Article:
Within a few seconds the phone would ring again. Although the incoming call was invariably someone asking the standard question of "Anything about?", the hope was that the caller would be phoning from a call box just up the coast with news of a great find.

We then moved onto Salthouse, where more Snow Buntings were the only highlight. Weybourne was better, where I saw 'George' the Glaucous Gull, a bird that had been coming back to the area for so long that (he) had been given a name. Walsey Hills was quiet, save for a few hawking hirundines. Our final stop was Wells Wood, which was bereft of eastern phylloscopus warblers but did provide me with my first ever Crossbill. The day hadn't been a great success, with no anticipated rarity, but being in the area was enough for me. It was as if having gone through an ornithological baptism.

The initiation into North Norfolk was not yet complete. That evening we went to The George at Cley, the place where the birding fraternity gathered for beer and swapping of 'the gen'. I got to put more names to faces, hear yet another telephone ring itself off of the wall, and watch with envy and admiration as a group of wild looking men regaled us with tales of recent twitches, including a Spanish Sparrow on Bryher. The Scilly Isles! Now, what would they be like...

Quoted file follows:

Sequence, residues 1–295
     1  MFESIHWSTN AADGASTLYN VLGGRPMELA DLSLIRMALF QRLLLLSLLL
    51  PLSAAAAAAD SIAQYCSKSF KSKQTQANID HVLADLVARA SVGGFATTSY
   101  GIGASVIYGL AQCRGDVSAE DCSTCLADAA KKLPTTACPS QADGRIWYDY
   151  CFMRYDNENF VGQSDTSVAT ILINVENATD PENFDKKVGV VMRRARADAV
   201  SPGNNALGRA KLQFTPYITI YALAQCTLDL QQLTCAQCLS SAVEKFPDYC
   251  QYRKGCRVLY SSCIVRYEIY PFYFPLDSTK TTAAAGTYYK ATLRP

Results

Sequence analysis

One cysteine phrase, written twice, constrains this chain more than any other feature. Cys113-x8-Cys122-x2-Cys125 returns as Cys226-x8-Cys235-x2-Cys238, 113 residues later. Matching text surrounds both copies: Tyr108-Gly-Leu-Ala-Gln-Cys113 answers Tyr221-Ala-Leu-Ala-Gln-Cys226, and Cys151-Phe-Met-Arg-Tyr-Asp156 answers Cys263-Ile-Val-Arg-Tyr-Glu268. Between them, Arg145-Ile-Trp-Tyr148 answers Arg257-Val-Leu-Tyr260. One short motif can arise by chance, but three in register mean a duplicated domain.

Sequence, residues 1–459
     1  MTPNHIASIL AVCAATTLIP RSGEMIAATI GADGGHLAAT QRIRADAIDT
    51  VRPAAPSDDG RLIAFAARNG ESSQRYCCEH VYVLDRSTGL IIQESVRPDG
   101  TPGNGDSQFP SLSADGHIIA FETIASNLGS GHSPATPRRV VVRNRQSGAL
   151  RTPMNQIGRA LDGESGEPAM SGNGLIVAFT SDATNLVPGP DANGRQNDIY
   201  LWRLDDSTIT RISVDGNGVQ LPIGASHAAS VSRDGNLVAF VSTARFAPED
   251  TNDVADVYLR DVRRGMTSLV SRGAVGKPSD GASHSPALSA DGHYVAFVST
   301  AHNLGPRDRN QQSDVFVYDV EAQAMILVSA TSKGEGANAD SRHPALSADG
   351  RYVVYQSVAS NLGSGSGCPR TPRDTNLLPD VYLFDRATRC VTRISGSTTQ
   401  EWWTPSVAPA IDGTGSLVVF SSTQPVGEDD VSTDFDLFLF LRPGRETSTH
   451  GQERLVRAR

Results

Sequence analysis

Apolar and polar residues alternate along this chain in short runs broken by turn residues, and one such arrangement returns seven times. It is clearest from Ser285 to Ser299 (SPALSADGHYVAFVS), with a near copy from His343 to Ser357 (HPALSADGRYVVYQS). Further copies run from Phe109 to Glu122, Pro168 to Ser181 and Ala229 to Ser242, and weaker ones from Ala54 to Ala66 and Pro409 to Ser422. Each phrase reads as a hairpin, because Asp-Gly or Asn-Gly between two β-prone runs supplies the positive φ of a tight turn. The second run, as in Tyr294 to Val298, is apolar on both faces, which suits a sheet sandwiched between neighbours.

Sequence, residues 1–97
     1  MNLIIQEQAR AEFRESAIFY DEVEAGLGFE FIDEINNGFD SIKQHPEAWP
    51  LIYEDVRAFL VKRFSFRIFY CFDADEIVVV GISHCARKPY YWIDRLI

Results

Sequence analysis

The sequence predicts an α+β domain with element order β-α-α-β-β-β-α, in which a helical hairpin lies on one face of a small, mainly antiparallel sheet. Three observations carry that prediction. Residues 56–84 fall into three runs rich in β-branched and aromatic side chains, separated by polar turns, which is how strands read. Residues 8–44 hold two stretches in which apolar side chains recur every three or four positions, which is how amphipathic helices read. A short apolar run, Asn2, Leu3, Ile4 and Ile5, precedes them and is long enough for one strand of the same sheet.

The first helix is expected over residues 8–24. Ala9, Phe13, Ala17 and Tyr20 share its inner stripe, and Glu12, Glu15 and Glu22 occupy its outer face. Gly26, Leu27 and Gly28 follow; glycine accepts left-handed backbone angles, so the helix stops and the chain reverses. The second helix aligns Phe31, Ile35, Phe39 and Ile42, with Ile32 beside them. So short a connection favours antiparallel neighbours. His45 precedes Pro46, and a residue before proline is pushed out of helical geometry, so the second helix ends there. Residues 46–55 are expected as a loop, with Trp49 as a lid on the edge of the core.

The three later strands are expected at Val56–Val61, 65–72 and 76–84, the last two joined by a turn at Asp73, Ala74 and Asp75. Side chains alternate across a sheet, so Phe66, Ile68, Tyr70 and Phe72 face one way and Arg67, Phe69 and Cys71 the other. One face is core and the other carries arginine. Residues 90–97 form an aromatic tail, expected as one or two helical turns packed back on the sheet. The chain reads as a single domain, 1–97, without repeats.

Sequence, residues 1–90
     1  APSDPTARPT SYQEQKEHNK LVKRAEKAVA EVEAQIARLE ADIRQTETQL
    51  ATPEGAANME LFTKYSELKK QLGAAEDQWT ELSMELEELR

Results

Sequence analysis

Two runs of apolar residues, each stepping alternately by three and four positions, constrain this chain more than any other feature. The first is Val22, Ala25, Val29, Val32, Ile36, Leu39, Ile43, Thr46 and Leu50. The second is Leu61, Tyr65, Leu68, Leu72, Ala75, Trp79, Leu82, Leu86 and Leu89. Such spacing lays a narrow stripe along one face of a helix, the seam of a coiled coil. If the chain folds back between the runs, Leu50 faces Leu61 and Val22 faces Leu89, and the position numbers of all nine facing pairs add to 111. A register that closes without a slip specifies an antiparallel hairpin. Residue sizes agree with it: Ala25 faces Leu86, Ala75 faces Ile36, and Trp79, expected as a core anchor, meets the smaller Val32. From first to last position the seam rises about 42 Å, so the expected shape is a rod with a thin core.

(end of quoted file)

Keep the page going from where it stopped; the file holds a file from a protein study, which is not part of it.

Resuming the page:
The following day saw us repeat our itinerary, with additional highlights of 4 Lapland Bunting and 6 Shorelark at Salthouse, plus 3 Long-tailed Duck and 4 Slavonian Grebe at Weybourne.

* Indian Tree Pipit, now commonly known as Olive-backed Pipit.

Friday, 8 January 2016

Return to Hawfinch valley

It was here, in March 2013, that I stumbled across a large gathering of Hawfinches. At its peak the flock numbered between 110-130 birds. Birders travelled from far and wide to see them. Since then, apart from an isolated sighting, none have returned. This morning I can confirm that they still haven't... but, as always, it's a lovely place to while away some time.

Across the valley, in several disturbed areas on the upper slopes of Mickleham Downs, the rare Wild Candytuft grows, at its only Surrey location. This morning I found quite a few plants in flower. In fact, even in the depths of a cold winter it is normal to find a few in bloom.

Last years Bird's-nest Orchids were standing proud, if desiccated, on the slopes of Mickleham Downs under beech woodland. Up to 200 were easily found, all within 100m along the edge of a footpath. Previous forays into the wood away from the few paths on offer tends to throw this species up. There must be four figure counts on this slope.

Hazel catkins were obvious and in plenty.